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Module 11: How They Croaked by Georgia Bragg

How-They-Croaked-Bragg-Georgia-9780802798176Title: How They Croaked: The Awful Ends to the Awfully Famous

Author: Georgia Bragg

Illustrator: Kevin O’Malley

Publisher: Bloomsbury Publishing, Inc.

Published Date: 2011

 

Summary:

Ever wonder how your favorite celeb from the past died? Well, here is your answer. And it’s not pretty, but it is pretty entertaining!

APA Reference:

Bragg, G. (2011). How they croaked: The awful ends to the awfully famous. New York, NY: Bloomsbury Publishing, Inc.

Impression:

I thought this was going to be gross, but I loved this book. I couldn’t put it down. The author is sassy and fun and makes festering sores and blisters fun to read about. Nice.

Professional Review:

Gr 5-9–King Tut died of malaria; Edgar Allan Poe is suspected to have had rabies. Beethoven and Galileo both met their ends due to lead poisoning. Fifteen other historical figures, including world leaders, writers, and scientists, were felled by things as mundane as pneumonia and as unpredictable as angry mobs. Each entry provides the circumstances of the person’s death and gives context to those circumstances, from discussions of the political climate to medical practices of the time. Chapters are separated by a spread of brief facts related to the individual, the demise, or the era. Lively, full-page caricatures set in decorative frames appear throughout, along with spot illustrations. Back matter includes a lengthy list of sources. The sometimes-snarky writing gives the material a casual, conversational tone that will appeal to many readers. The title alone provides an easy booktalk; expect this one to be passed around and pored over.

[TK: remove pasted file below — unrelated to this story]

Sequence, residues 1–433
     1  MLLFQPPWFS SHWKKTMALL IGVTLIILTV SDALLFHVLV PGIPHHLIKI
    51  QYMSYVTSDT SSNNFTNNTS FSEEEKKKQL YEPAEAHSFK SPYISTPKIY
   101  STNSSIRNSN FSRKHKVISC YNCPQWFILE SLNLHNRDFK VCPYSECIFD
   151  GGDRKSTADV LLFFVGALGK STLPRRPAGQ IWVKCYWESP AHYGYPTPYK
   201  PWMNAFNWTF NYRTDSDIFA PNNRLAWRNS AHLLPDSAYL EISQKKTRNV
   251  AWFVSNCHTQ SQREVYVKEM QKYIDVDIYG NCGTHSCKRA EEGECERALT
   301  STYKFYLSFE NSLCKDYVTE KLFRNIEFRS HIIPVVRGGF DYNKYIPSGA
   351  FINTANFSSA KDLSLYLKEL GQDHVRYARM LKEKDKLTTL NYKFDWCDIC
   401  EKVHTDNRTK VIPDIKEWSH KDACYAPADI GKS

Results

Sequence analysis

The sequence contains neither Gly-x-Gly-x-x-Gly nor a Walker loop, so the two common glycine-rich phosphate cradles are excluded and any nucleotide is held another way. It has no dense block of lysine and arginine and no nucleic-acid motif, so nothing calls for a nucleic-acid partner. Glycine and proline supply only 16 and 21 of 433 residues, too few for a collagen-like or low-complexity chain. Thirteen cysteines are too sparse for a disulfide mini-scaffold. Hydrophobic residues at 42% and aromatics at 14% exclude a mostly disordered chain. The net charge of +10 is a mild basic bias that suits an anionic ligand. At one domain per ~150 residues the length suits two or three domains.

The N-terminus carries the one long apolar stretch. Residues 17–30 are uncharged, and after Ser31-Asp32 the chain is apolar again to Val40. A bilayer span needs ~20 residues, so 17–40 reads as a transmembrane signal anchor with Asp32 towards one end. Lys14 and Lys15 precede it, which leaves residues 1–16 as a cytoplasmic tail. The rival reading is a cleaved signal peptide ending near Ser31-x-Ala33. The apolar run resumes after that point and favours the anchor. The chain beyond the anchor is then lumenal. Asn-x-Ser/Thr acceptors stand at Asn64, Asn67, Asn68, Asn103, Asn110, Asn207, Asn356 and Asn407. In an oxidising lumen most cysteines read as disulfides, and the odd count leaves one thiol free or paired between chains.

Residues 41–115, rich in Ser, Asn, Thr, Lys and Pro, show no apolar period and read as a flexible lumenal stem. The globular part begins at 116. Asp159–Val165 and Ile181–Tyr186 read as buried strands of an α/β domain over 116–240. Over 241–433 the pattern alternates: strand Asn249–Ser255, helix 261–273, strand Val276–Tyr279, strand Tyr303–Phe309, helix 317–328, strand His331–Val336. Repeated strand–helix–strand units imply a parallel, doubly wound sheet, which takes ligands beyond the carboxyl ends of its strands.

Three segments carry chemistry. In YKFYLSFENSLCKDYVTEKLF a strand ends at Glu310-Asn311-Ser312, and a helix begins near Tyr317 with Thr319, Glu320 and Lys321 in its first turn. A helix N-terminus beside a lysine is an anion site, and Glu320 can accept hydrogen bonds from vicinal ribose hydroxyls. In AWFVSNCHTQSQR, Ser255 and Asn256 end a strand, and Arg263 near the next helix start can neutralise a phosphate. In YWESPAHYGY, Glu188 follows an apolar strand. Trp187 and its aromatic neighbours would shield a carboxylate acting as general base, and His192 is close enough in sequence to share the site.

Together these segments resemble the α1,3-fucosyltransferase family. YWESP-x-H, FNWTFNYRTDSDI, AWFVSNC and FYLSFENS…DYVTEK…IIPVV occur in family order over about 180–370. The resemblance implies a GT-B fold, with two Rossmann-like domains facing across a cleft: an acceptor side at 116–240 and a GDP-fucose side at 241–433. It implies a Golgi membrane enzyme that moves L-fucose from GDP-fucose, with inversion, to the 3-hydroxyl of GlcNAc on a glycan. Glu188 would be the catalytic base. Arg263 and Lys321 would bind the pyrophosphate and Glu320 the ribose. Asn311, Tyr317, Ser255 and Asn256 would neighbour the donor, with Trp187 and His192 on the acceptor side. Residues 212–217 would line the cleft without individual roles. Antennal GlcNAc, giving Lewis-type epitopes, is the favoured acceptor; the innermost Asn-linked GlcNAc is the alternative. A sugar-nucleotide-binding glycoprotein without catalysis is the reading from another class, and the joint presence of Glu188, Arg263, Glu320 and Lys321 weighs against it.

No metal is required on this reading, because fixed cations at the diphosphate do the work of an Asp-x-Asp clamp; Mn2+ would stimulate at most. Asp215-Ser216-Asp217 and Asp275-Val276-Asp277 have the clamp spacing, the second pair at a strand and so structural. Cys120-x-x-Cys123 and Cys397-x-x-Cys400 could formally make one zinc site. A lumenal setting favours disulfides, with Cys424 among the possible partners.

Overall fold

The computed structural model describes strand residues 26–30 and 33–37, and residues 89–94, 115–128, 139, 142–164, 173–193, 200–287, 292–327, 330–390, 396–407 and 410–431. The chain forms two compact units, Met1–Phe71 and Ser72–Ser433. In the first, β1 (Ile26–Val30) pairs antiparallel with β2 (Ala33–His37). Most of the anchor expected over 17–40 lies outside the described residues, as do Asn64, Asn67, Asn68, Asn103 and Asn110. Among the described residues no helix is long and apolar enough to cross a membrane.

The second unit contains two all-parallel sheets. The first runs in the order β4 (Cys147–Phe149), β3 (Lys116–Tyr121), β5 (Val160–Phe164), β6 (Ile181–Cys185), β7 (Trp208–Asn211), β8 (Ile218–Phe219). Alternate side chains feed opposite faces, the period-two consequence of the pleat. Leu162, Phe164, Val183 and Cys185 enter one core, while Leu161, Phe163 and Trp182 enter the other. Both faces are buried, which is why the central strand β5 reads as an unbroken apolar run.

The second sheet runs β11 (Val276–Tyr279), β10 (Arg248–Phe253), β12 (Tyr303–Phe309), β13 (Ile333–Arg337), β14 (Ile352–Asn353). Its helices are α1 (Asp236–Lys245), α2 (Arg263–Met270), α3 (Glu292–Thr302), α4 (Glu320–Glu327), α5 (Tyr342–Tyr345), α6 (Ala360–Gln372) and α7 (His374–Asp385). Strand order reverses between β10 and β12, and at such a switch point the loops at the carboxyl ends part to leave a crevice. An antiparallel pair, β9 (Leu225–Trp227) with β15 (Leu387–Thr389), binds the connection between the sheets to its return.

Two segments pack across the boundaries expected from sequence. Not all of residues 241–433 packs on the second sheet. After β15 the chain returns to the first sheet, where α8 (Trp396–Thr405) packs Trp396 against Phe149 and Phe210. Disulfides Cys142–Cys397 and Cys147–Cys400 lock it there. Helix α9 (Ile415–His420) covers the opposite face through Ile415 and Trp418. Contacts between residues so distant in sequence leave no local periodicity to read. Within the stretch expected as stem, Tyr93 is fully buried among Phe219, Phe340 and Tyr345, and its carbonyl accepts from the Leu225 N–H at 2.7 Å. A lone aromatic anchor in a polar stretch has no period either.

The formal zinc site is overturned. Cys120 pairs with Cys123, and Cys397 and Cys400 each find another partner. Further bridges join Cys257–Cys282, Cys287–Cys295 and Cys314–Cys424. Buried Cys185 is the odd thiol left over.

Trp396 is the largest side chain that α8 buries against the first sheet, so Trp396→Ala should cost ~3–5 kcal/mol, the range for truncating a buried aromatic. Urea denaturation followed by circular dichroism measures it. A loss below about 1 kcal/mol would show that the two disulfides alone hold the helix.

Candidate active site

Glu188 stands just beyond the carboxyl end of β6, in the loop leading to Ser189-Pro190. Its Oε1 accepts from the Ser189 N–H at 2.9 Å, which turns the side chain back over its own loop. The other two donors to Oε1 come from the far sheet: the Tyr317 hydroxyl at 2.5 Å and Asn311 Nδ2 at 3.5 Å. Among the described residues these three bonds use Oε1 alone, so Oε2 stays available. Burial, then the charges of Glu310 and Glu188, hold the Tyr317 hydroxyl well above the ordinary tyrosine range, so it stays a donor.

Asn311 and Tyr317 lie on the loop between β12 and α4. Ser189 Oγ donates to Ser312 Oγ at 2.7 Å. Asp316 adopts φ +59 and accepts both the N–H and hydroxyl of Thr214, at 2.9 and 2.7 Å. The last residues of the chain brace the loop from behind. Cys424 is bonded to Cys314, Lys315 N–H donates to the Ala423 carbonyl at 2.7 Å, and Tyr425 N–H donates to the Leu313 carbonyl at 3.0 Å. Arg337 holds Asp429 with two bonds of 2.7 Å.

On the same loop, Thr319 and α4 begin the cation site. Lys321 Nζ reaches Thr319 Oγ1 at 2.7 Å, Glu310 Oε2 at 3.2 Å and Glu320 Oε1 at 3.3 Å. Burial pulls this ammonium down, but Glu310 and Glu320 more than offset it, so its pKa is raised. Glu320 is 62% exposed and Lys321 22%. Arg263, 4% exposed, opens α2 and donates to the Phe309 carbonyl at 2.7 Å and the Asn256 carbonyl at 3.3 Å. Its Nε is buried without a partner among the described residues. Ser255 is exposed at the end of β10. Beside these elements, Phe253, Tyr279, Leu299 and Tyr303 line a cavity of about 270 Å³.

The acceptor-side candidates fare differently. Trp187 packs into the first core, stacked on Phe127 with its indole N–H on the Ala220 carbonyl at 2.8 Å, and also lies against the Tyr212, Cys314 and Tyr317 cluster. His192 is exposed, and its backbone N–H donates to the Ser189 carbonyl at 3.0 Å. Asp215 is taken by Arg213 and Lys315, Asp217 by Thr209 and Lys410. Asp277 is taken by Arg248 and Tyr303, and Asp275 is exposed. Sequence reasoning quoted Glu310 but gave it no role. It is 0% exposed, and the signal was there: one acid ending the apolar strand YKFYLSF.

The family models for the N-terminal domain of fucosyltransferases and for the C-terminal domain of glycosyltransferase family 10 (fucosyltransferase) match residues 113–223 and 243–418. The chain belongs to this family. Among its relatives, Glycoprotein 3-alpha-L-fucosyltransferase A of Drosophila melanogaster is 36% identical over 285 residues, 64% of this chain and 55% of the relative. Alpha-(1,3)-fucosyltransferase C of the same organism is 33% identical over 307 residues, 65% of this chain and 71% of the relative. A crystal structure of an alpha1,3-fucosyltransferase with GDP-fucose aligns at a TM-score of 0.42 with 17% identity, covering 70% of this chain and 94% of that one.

Danner, B. (2011). How they croaked: The awful ends to the awfully famous. School Library Journal, 57(4), 189-190.

Library Use:

Medicine has come a far way. This book tells us just how far. A good discussion about medicine, death and disease can come from reading this book.

Module 10: What I Saw and How I Lied by Judy Blundell

4052117Title: What I Saw and How I Lied

Author: Judy Blundell

Publisher: Scholastic

Published Date: 2008

Summary: